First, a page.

Common questions relating to Bourne End leasehold conveyancing
My wife and I may need to let out our Bourne End ground floor flat temporarily due to a new job. We instructed a Bourne End conveyancing firm in 2003 but they have closed and we did not think at the time seek any advice as to whether the lease prohibits the subletting of the flat. How do we find out?
Even though your previous Bourne End conveyancing solicitor is not available you can review your lease to see if it allows you to sublet the property. The accepted inference is that if the lease is non-specific, subletting is allowed. There may be a precondition that you must seek permission from your landlord or some other party before subletting. This means that you cannot sublet in the absence of first obtaining permission. The consent must not not be unreasonably refused ore delayed. If the lease prohibits you from letting out the property you will need to ask your landlord for their consent.
Expecting to complete next month on a leasehold property in Bourne End. Conveyancing lawyers assured me that they are sending me a report within the next couple of days. What should I be looking out for?
Your report on title for your leasehold conveyancing in Bourne End should include some of the following:
- The total extent of the premises. This will be the property itself but could also incorporate a loft or basement if appropriate.
I have just started marketing my 2 bed apartment in Bourne End.Conveyancing lawyers have not yet been instructed but I have just received a yearly service charge invoice – should I leave it to the buyer to sort out?
The sensible thing to do is discharge the service charge as normal because all ground rent and service charges will be apportioned on completion, so you will be reimbursed by the buyer for the period running from after the completion date to the next payment date. Most management companies will not acknowledge the buyer until the service charges have been paid and are up to date so it is important for both buyer and seller for the seller to show that they are up to date. This will smooth the conveyancing process.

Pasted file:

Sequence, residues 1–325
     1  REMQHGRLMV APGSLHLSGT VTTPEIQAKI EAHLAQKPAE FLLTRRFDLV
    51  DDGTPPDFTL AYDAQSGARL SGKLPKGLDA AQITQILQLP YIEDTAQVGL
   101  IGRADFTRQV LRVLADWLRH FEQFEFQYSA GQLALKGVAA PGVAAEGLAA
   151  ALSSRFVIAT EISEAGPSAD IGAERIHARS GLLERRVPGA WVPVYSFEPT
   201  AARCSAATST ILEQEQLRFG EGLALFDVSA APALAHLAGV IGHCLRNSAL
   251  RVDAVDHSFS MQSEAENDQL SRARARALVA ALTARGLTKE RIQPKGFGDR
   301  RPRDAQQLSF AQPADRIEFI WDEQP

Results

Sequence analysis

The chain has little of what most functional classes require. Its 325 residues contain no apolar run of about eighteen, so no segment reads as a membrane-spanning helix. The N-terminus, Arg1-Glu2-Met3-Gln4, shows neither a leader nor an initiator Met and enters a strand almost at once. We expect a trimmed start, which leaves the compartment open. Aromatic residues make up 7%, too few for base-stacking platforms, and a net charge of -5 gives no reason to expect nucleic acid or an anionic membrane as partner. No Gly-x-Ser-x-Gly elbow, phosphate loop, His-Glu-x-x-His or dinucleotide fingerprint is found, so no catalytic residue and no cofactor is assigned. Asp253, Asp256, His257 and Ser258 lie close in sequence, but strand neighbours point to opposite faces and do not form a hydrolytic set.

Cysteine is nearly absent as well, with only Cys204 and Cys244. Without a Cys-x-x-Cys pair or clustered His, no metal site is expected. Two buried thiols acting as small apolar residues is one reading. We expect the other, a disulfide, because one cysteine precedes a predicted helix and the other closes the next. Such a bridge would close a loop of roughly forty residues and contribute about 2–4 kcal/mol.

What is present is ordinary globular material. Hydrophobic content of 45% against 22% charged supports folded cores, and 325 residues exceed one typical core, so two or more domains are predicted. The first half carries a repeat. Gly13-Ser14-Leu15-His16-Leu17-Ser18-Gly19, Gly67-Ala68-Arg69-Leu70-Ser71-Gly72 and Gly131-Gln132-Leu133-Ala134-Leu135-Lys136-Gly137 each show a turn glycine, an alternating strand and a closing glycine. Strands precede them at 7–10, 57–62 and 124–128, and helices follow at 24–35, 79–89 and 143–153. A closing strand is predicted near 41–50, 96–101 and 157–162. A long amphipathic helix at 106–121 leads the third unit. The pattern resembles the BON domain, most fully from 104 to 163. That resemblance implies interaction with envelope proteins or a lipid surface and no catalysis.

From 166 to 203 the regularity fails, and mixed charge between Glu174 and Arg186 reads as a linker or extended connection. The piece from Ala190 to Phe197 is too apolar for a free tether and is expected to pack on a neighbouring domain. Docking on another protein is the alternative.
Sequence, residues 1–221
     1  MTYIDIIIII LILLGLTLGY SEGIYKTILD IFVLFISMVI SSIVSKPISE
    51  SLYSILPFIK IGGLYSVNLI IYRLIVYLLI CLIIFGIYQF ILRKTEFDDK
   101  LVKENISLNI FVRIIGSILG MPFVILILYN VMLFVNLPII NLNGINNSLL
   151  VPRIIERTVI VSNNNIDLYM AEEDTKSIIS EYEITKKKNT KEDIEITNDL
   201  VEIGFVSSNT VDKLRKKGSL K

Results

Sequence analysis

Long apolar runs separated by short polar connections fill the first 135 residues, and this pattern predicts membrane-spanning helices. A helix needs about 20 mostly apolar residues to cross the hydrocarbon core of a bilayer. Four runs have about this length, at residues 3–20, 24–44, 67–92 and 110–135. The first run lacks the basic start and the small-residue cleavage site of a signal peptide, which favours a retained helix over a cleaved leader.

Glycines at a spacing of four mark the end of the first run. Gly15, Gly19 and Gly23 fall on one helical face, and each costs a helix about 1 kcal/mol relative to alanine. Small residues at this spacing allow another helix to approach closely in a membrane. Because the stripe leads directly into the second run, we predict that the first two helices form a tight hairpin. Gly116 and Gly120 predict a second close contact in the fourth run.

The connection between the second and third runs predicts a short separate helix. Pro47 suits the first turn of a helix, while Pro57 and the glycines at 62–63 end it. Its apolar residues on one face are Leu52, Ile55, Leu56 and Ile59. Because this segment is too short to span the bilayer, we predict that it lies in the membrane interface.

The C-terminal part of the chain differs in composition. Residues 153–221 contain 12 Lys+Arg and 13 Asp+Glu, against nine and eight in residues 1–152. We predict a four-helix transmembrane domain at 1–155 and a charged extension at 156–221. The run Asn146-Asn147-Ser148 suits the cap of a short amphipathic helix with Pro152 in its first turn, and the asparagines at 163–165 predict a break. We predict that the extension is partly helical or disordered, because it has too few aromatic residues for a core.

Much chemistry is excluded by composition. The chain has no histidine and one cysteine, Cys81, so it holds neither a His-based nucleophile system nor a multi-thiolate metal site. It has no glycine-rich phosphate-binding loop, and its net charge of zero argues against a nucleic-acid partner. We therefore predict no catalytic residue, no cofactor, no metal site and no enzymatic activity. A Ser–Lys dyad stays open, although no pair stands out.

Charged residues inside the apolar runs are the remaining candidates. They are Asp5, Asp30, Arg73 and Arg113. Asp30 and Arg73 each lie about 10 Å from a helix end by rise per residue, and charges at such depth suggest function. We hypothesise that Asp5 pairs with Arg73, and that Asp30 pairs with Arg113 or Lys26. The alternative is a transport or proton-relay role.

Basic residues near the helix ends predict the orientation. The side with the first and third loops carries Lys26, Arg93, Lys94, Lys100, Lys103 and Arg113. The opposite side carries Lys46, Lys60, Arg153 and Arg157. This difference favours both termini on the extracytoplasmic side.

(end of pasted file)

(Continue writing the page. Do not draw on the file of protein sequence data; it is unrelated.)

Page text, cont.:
Can you provide any advice for leasehold conveyancing in Bourne End with the intention of expediting the sale process?
- Much of the frustration in leasehold conveyancing in Bourne End can be bypassed if you get in touch lawyers as soon as you market your property and ask them to collate the leasehold documentation needed by the buyers lawyers.
- The majority landlords or Management Companies in Bourne End charge for supplying management packs for a leasehold homes. You or your lawyers should discover the actual amount of the charges. The management pack sought as soon as you have a buyer, thus accelerating the process. The average time it takes to obtain the necessary information is three weeks. It is the most usual reason for frustration in leasehold conveyancing in Bourne End.
In relation to leasehold conveyancing in Bourne End what are the most common lease problems?
There is nothing unique about leasehold conveyancing in Bourne End. All leases is drafted differently and drafting errors can result in certain clauses are missing. For example, if your lease is missing any of the following, it could be defective:
- A provision to repair to or maintain parts of the building
- Insurance obligations
- Clauses dealing with recovering service charges for expenditure on the building or common parts.
- Service charge per centages that don't add up correctly leaving a shortfall
A defective lease can cause issues when trying to sell a property as they can affect a potential buyer’s ability to obtain a mortgage. Nationwide Building Society, The Mortgage Works, and Aldermore all have very detailed conveyancing instructions when it comes to what is expected in a lease. Where a lender has been advised by their lawyers that the lease is problematic they may refuse to provide security, obliging the buyer to pull out.
Bourne End Conveyancing for Leasehold Flats - Sample of Questions you should consider Prior to buying
Best to be warned whether changing the roof or some other major work is anticipated that will be shared between the leaseholders and will dramatically increase the the maintenance fees or result in a specific invoice.
Does the lease contain onerous restrictions?
Who manages the building?